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The UK Sees a Small Reduction in Financial Fraud Compared to 2016

by on September 29, 2017
 

Financial fraud is of great concern to every single country in the world. Fighting this trend has proven to be very difficult as of late. Surprisingly enough, the UK is making some real progress in this department. More specifically, the region reduced financial fraud losses by 8%. A positive trend, although it is only a small drop in the bucket if no further progress is made. The first half of 2017 looks promising in this regard, though, that much is certain.

Over in the United Kingdom, there are plenty of financial problems to worry about. Fraud is just one of them, even though things have grown out of proportion as of late. Thankfully, things are slowly improving again. More specifically, with financial fraud numbers going down by 8% during the first six months of 2017, progress is effectively made. There is still a net loss of £366.4m to take into account, though.  A lot of work still needs to be done in this regard.

Financial Fraud Numbers go Down in the UK

At the same time, the UK Finance report shows over £750m of financial fraud was prevented in 2017 so far. That is a pretty substantial number. It represents around 67% of all fraud attempts across the UK as a whole. Data hacks and malware remains two of the main culprits responsible for financial fraud, though. Addressing those problem areas will not be easy by any means.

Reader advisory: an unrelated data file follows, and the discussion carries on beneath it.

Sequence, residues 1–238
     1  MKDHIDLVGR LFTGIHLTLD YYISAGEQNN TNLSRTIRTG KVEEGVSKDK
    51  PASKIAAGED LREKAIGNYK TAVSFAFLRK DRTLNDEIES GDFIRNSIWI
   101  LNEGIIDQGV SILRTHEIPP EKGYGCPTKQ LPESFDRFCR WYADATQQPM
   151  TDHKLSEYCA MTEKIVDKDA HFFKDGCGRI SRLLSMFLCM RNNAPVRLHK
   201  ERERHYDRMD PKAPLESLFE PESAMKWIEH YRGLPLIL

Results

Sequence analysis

UK Finance’s Katy Worobec comments as follows:

“Tackling fraud is a top priority for the entire industry. But financial fraud is not just an issue for the banking sector – its harmful effects stretch far and wide. This is why when it comes to prevention, protection or deterrents the industry is committed to taking a collaborative approach to curb these crimes and is launching the latest Take Five consumer campaign. Whether it’s banks refining their own security systems or a retailer holding customer data securely, everyone has a part to play.”

No one can deny criminals have become better at obtaining consumer information. Impersonation scams are on the rise across all of the United Kingdom. Communicating via phone, email, or even text message are the three main attack vectors. As long as the relayed message sounds convincing enough, consumers will readily give up their details. Once they do so, it is only a matter of time until financial fraud occurs. A problematic situation which won’t be resolved overnight.

Header image courtesy of Shutterstock

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